Tuesday, April 24, 2012
April is Autism Awareness Month
April is Autism Awareness Mouth and I wanted to share my thoughts and impressions with you as I have a young son, Joe, who is challenged with sensory issues. My post will talk in generalities, but feel free to comment and elaborate on anything I mention.
According to recently released statistics, 1 in 88 children are diagnosed on the Autistic Spectrum and boys are more prone to have the disorder.
Autism is a complicated developmental disorder that appears during the 1st 3 years of life. Autism affects the normal development of speech and social skills. There are many physical symptoms. I believe there are 12 symptoms on the spectrum and 6 are required for a diagnoses on the spectrum. Also on the spectrum is Aspergers Syndrome (where speech develops normally) and PDD-NOS (Pervasive developmental disorder not otherwise specified) PDD-NOS is when the full set for Autism is not met.
Scientists haven't quite figured out how Autism affects the brain, but they believe there is a strong genetic basis for the disorder.
When do you, as a parent, know something is wrong?
Most parents suspect something is wrong by 18 months. I know I did. My son wasn't talking. His older brother said his first word clearly and distinctly at 14 months. I was still waiting for Joe to talk at 18 months. With a pediatric referral we went to local Regional Center. It's so important to go to your pediatrician when you first suspect something might be wrong because they can set you on the right path to get you the help you need.
Joe was evaluated and services began at 20 months. He had speech therapy, occupational therapy, and child development therapy until he was 3 and then our local school district took over.
I can't say enough good things about the early therapy Joe got. Within months he was talking. We identified his sensory issues and discovered his peanut allergy.
Children with autism generally have difficulties with pretend play, social interactions, and speech. They may also have sensory issues. Early intervention is so important because the brain is very pliable and easy to influence in learning new routines with therapies.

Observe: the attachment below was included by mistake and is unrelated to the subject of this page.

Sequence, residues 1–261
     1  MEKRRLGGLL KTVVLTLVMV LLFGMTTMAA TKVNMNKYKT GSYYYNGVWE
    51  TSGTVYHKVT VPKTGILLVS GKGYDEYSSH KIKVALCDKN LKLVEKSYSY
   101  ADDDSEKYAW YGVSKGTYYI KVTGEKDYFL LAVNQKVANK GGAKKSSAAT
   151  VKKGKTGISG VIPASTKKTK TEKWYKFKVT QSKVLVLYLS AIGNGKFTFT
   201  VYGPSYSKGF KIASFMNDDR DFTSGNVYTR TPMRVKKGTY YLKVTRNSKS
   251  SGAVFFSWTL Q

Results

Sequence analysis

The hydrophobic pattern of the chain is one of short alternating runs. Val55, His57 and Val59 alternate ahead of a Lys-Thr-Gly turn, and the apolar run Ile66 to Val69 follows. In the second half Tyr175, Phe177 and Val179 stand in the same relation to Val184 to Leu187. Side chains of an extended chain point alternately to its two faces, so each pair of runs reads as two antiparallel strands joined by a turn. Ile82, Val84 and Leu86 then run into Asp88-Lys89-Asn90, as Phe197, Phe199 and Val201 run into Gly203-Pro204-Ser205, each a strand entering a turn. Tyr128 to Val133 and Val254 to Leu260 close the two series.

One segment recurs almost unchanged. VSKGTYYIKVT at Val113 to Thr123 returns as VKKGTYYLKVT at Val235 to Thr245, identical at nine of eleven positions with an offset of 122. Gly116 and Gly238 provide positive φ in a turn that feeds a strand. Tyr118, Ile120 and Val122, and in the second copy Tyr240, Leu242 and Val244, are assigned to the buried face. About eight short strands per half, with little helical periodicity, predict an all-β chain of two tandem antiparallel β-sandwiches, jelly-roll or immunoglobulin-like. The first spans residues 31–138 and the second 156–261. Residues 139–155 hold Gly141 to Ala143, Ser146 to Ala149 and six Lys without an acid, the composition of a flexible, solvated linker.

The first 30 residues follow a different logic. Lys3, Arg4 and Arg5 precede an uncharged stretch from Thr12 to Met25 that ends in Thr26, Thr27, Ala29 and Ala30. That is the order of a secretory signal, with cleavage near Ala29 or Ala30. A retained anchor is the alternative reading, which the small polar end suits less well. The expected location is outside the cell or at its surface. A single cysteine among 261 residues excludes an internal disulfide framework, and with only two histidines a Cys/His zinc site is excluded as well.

It wasn't easy for me, as a parent, to accept there might be something wrong with my son, but I knew I had to get him help. Joe is now five and mainstreamed in Kindergarten. He does not have an autistic diagnoses with our regional center, but he still struggles with sensory issues. Sometimes noises are too loud even when others are using a normal tone of voice. Sometime Joe needs more of the sensation to feel it. He needs to feel deep pressure hugs and do heavy work. He's been taking gymnastics class since he was 20 months. Just recently, he played AYSO soccer and flag football. He also takes hip hop dance lessons. His major struggles are mostly sensory, but he also needs help with fine motor skills.
It's so important as a parent to reach out to others for support. Other parents understand the hardship and challenges you face and may have a suggestion to help when you're drawing a blank.
A great movie to see is the HBO special on Temple Grandin who was played by Claire Danes. There are plenty of books on Autism and the spectrum. Actress Jenny McCarthy has written three books about her experiences with her son. (Louder than Words, Mother Warriors, Healing Autism Against All Odds, and Healing and Preventing Autism)
(I haven't read Jenny's books, but I do know as a celebrity, she's been vocal about her son's autism and it might be a good place to start if you, as a parent, have questions)
If you have a story, comments, questions, suggestions, feedback, anything you'd like to share, please do.